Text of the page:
Rusty Zinn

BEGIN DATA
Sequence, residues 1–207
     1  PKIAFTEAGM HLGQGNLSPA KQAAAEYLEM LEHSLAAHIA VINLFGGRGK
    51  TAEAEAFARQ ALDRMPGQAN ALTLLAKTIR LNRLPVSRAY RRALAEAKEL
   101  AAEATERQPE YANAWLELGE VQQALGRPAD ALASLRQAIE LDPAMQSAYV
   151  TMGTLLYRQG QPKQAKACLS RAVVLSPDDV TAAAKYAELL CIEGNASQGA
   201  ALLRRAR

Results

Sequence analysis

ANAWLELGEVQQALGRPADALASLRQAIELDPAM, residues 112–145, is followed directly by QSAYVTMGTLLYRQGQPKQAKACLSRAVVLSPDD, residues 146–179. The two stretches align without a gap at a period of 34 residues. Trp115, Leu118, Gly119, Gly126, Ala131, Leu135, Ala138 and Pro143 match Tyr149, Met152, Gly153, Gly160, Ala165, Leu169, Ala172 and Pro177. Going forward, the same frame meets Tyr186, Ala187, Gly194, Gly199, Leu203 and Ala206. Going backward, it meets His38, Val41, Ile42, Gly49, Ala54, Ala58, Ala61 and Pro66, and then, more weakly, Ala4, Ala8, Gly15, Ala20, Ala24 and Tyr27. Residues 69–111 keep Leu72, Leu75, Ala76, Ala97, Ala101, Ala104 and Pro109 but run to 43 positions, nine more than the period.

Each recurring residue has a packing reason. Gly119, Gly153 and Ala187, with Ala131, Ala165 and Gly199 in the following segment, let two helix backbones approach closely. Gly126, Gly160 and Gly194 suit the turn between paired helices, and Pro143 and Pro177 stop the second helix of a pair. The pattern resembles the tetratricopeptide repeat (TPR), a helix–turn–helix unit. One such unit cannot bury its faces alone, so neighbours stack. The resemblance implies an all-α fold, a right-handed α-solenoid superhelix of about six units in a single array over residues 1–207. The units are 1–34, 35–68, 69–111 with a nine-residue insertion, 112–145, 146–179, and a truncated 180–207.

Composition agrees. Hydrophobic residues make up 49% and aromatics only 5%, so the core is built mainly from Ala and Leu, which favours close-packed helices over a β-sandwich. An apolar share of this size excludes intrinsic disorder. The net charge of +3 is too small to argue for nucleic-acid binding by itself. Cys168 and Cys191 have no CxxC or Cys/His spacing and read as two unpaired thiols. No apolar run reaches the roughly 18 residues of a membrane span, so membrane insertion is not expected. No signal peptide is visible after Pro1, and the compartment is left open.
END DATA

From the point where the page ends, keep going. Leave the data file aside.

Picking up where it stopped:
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This is a long-awaited release (on Black Top) by a promising guitarist. Rusty Zinn carries more weight than the guitar-slinger epithet tells. He is an exceptional songwriter, as the five tunes he wrote or co-wrote on this disc will show. Plus, he is a singer and is exceptionally good at handling other people's material. Give a listen to the treatment he gives to Robert Nighthawk's "Someday"; he makes it his own song without messing up the writer's intentions. A very large plus is that the material he is doing isn't the Chicago sound that is so popular with a lot of young guitarists. He is using Austin, TX as his base and has quite a bit of the Texas countrified blues influence in his music. This is music that at times strays into the West Texas bluesy countrified sound of Bob Wills and the Texas Playboys. It is definitely a more laid-back and rural sound that leaves room for each of the players in the two bands he uses to great advantage here, to give short but effective solos. It is more ensemble and group effort than individual flash. Both groups are equally tight and able to go with the song, one has just a little more of a citified sound while still avoiding that Chicago guitar-driven emphasis. He uses his bandmates very well; look at the room he gives Jimmy Pugh to stretch out on organ in "Confessin' About My Baby." Or maybe you'd prefer the space Little Charlie Baty fills taking over the lead guitar and solos on "Someday." If you have any doubts about his roots, just listen to what he does by himself on the Rick Estrin tune "Come Get These Blues Up Off Me." This is a another top-notch disc of interesting blues on the Black Top label that you'll want to get your hands on.

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